Obsessive-Compulsive Disorder (OCD) is not uncommon (see statistics below). But it is often misunderstood. We know the pop culture depictions of the disorder but, of course, there’s much more to know.
People with OCD frequently assign an exaggerated sense of responsibility to themselves. They believe they are the ones who can prevent harm from happening to themselves or others. Simultaneously, someone with OCD almost always sees more risk in daily life than actually exists.
In simple terms, the obsession part involves intrusive and irrational thoughts that may feel relentless. The compulsion part involves the behaviors a person uses in an attempt to control the obsessive thoughts.
Who Gets OCD?
Anyone can get OCD — regardless of age, sex, race, etc. However, some trends exist, e.g.:
- The risk for OCD is about three times higher for females than males
- While OCD can arise at any age, its first appearance most commonly occurs between ages 8 and 12 or during late teens/early adult years
- OCD can run in families
Currently, an estimated 2 to 3 million U.S. adults have OCD (about 1.2 percent of the population). For children and teens, that number might be around 500,000. There is no known cause for OCD. Experts assume that both genetics and environment can play a major role.
How OCD Affects People
While every experience of Obsessive-Compulsive Disorder is unique to that individual, we know enough about the condition to discuss it in broad terms. For starters, keep all of this in mind:
- People with OCD get chronic, worrisome, and intrusive thoughts
- To them, such thoughts represent genuine, highly likely threats
- Even when others assure them that no risk is present, the person with OCD perceives danger
- Therefore, they must immediately take some kind of action to prevent a crisis
- What compels their compulsions is a fear of the consequences if they don’t act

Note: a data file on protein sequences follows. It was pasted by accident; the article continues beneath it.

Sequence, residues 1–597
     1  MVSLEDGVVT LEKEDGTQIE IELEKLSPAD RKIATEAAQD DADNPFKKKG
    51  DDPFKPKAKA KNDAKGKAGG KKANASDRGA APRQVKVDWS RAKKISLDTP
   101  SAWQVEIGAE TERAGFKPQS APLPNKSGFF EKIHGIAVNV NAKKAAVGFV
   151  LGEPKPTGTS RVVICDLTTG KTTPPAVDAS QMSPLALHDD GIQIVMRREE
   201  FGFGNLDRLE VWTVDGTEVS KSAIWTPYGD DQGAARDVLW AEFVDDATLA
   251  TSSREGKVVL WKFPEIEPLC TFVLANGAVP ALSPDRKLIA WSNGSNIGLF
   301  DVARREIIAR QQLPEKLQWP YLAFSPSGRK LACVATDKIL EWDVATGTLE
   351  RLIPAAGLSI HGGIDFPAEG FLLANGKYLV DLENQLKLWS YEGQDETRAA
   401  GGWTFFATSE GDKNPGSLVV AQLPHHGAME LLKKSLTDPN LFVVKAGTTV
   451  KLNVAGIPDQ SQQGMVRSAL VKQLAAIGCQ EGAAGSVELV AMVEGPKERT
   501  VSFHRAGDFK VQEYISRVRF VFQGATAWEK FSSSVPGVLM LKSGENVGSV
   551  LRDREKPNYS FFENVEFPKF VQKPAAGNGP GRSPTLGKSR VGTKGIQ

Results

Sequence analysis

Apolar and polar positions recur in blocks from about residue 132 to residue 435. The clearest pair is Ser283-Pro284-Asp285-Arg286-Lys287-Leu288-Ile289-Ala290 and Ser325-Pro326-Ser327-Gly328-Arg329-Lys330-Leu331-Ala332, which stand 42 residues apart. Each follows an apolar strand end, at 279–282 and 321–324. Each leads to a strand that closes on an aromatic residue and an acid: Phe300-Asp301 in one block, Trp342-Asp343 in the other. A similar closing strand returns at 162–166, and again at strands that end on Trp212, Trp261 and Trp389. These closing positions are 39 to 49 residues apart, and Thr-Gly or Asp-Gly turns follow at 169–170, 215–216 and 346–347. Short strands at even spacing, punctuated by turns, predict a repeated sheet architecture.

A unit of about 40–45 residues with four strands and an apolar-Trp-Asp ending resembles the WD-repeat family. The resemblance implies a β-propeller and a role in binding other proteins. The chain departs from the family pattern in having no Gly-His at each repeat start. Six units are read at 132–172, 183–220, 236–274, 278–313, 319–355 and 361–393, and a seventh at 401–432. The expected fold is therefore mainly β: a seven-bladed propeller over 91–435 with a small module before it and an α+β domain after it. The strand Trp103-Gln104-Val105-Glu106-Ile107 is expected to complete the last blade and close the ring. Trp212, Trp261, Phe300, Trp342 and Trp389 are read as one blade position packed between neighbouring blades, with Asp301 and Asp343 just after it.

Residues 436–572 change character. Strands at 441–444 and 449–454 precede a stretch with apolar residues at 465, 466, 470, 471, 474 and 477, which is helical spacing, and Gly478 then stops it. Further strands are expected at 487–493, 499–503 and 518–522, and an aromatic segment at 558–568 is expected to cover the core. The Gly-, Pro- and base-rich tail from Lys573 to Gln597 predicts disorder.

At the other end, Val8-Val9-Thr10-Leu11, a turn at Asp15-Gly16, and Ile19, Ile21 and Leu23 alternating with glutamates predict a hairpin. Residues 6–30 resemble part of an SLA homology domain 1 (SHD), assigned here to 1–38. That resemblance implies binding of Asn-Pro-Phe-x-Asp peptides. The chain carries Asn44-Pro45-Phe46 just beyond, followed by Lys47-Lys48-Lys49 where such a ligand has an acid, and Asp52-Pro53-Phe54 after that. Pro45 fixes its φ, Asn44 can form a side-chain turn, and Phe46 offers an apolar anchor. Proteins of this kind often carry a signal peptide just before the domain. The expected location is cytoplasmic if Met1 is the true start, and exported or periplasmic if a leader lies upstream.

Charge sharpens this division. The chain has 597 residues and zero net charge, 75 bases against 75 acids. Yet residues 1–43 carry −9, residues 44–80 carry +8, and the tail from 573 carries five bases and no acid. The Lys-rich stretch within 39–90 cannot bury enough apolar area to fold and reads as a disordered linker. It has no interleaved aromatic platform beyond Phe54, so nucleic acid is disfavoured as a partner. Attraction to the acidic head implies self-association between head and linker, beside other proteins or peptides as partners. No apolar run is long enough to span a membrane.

The actions and rituals typically taken don’t appear to have anything to do with the feared event. As a result, to outsiders, it may look like a kind of superstition. For most people with OCD, there is an awareness of how irrational their behaviors are (in rare instances, the person may not be self-aware). Hence, the hallmark of the disorder is a sense that both the obsessions and the compulsions are beyond your control.
Over time, the intrusive thoughts can cause more and more distress. This, as you might imagine, heightens the urgency and the number or frequency of the compulsions.
Common Examples of Obsessions and Compulsions
- Germs, disease, and illness
- Bodily fluids
- Toxic chemicals
- Perfectionism, keeping order, and not losing things
- Lucky numbers, colors, etc.
- Unwanted sexual thoughts
- Fear of losing control which can lead to self-harm, harming others, committing a crime, or behaving inappropriately in public
- The need to not accidentally cause harm to others
- Extreme washing, bathing, cleaning, etc.
- Repetitive behavior, e.g. rewriting, restating, body movements (like tapping), routines, completing actions a specific number of times, etc.
- Checking and rechecking that you have not caused something bad to happen
- Examining and reexamine your body for issues, problems, or symptoms
- Hoarding, collecting and storing items
- Putting items in a specific order
- Obsessively reviewing events and/or praying that you won’t cause harm
OCD can be effectively treated. Since the symptoms are thoughts and reactions to thoughts, your therapist will help you find ways to minimize and manage this uncomfortable cycle. Depending on each person’s situation, there are steps that can be taken to change an individual’s relationship to their obsessions and thus, their compulsions.